I got seeds 2 years ago from Esperanza in a swap here. They grew well the 1st summer but stayed small. This summer the 4 plants got 2 ft. tall in gallon pots. I put the largest in the ground in a full-sun bed and it grew to 3 ft. tall and made its first exotic red and orange flowers by mid summer. In Sept it set 2 seeds that dried on the plant, and I just removed them Oct. 15. These are supposed to be the dwarf variety, but I also have a plant I started from a seed from St. John in the Virgin Islands that is the full-sized tree variety. We are zone 9, so I don't know that it will become a tree in our 30* average lows.
  • Posted by robertduval14 (Milford, New Hampshire - Zone 5b) on Sep 19, 2016 10:48 PM concerning plant:
    National flower of Barbados.
  • Posted by eclayne (Pioneer Valley south, MA, USA - Zone 6a) on Feb 1, 2013 2:45 PM concerning plant:
    An evergreen shrub, leaf loss or damage may occur as temperatures dip below 50F (10C). Grow as a die back perennial in hardiness zone 9 and possibly 8b.
  • Posted by ricelg (Hill Country TX - Zone 8b) on Jul 27, 2017 5:39 PM concerning plant:
    Received this plant last year with pending blooms and it did fine in direct sun and Texas heat. Unfortunately, the hard freeze killed it and I had to replace with 2 smaller ones this year in the same spot. Worse, these have not yet bloomed at all...and my wife is very envious of others' prolific blooming.
  • Posted by ricelg (Hill Country TX - Zone 8b) on May 14, 2017 9:09 PM concerning plant:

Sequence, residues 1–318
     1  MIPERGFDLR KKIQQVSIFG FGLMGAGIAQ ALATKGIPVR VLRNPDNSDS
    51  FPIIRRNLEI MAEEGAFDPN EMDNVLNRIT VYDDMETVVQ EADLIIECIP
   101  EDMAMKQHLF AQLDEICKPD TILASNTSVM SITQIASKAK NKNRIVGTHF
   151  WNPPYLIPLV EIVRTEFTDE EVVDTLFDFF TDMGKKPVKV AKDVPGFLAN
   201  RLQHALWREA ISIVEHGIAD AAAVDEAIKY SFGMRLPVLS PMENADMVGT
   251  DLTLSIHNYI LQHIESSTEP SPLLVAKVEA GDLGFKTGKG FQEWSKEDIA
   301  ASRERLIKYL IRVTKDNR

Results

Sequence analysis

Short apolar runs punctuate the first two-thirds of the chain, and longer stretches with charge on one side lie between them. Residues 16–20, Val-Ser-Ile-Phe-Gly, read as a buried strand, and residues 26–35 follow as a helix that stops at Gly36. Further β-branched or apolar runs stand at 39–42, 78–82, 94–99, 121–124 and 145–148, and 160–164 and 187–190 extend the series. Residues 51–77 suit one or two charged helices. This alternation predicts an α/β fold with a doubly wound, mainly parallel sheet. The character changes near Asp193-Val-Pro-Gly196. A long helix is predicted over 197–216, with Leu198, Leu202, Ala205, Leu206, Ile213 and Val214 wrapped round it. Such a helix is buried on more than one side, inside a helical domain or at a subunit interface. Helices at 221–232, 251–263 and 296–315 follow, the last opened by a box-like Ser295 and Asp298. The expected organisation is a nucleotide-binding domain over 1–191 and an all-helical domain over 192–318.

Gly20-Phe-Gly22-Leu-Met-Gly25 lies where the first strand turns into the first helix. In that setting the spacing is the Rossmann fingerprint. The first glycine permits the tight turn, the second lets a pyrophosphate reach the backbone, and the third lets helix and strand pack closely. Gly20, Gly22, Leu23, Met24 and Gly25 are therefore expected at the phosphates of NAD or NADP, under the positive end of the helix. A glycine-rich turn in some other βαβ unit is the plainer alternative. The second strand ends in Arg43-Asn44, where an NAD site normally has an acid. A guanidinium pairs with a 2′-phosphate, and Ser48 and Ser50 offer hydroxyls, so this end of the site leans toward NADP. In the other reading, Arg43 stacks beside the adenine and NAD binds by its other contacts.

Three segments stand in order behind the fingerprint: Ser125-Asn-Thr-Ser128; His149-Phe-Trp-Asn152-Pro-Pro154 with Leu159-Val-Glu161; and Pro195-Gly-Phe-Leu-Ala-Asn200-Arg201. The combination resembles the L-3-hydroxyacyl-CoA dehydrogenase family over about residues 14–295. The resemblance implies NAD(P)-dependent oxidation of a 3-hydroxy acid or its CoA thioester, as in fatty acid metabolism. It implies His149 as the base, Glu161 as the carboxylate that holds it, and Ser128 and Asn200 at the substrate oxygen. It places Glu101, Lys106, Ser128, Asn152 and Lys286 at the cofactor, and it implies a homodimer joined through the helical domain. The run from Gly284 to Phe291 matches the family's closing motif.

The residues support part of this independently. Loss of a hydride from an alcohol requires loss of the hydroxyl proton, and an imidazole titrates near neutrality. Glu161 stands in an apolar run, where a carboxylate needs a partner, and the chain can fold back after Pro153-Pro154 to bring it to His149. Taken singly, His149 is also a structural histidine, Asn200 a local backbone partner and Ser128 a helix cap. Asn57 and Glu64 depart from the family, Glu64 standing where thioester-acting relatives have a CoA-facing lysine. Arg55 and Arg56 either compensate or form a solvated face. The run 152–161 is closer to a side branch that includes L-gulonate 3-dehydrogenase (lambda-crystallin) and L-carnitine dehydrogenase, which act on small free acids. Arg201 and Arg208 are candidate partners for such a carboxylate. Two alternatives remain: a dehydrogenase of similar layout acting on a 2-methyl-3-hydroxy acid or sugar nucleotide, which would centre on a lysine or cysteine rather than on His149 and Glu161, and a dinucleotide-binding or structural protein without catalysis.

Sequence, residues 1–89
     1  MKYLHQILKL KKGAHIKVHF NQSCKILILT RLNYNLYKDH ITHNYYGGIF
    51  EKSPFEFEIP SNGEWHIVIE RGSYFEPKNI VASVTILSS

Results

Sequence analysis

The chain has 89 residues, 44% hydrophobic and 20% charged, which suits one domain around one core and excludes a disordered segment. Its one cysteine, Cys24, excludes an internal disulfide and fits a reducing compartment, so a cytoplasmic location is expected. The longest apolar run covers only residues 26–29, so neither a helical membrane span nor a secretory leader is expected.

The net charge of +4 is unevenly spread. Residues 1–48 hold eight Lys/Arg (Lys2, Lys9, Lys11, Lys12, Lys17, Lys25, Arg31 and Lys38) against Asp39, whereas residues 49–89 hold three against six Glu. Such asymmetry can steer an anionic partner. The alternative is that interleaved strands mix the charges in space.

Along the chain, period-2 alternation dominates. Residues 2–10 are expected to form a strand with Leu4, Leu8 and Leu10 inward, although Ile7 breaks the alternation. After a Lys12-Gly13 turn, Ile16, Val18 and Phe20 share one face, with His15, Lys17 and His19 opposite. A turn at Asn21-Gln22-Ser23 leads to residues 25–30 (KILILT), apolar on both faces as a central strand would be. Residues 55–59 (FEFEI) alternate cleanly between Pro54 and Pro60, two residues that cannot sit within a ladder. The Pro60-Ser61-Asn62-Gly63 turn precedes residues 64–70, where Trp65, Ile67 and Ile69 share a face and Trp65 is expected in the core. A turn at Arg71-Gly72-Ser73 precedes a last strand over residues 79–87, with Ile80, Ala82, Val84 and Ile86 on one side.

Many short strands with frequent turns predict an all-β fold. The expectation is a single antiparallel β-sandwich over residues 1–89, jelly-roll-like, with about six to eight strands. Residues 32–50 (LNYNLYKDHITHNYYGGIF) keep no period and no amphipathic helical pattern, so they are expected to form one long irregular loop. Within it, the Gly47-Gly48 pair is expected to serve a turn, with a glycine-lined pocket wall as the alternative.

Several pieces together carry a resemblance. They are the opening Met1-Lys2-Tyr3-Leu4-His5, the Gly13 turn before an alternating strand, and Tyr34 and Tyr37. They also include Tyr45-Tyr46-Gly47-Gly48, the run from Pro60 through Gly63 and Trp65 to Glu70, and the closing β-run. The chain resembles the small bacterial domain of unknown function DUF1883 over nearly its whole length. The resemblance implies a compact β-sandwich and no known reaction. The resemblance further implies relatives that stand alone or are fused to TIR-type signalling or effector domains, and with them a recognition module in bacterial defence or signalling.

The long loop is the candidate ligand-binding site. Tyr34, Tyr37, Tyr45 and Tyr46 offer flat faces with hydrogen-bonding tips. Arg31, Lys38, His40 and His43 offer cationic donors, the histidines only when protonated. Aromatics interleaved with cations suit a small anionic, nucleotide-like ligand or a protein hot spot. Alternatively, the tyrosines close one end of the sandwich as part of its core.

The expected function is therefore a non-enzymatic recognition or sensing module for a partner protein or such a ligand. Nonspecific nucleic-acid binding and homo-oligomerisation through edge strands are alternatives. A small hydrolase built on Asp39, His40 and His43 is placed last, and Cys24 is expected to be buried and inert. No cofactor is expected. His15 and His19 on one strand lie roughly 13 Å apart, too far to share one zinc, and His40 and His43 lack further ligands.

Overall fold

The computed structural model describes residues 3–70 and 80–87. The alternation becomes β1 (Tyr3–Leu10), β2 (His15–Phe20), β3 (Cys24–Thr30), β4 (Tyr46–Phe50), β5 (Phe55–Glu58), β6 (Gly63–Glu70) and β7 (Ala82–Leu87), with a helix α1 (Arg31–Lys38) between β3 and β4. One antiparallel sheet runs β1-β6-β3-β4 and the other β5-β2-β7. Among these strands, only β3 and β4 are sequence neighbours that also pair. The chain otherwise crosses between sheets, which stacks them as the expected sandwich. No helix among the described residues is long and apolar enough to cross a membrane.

This plant grew pretty rapidly for me. However, I've had a lot of difficulty getting this to germinate from seed. Scarification is a must.
  • Posted by tabbycat (Youngsville, LA - Zone 9b) on Feb 28, 2020 5:22 PM concerning plant:
    I ordered 3 plants of the PINK flowered ones in Dec. 2019 from typicaltoed on Etsy. They arrived 12-7-19 from Fla. as 8" nice healthy plants. I will repot each in gallon pots on my patio & hope for flowers Summer 2020. My red variety plants have done beautifully planted out in the yard here in zone 9 south Louisiana. They die back a little in freezes that are few here but send out new growth in March. They are beautiful & so tropical looking I just had to have the PINK ones, too.
Plant Events from our members
piksihk On July 4, 2018 Bloomed
piksihk On August 8, 2017 Bloomed
piksihk On April 17, 2016 Transplanted
HW round bed
piksihk On September 12, 2015 Obtained plant
MrsBinWY On January 3, 2019 Seeds germinated
2 showing their radical
MrsBinWY On December 25, 2018 Seeds sown
4+1 seeds from monetwwqi; chip, soak 48 hours, paper towel in baggie until radical emerges per

Seeds on the paper towel looked like they were molding. Put back in water with H2O2 on 1-1-19.
» Post your own event for this plant

Discussion Threads about this plant
Thread Title Last Reply Replies
Excellent by greene Sep 10, 2014 9:58 AM 1
What a picture! by lovesblooms May 31, 2016 1:58 PM 0
wrong pride by jmorth Dec 14, 2017 11:34 AM 2
Photo of Caesalpinia on wrong page? by NMoasis Aug 27, 2020 3:08 PM 2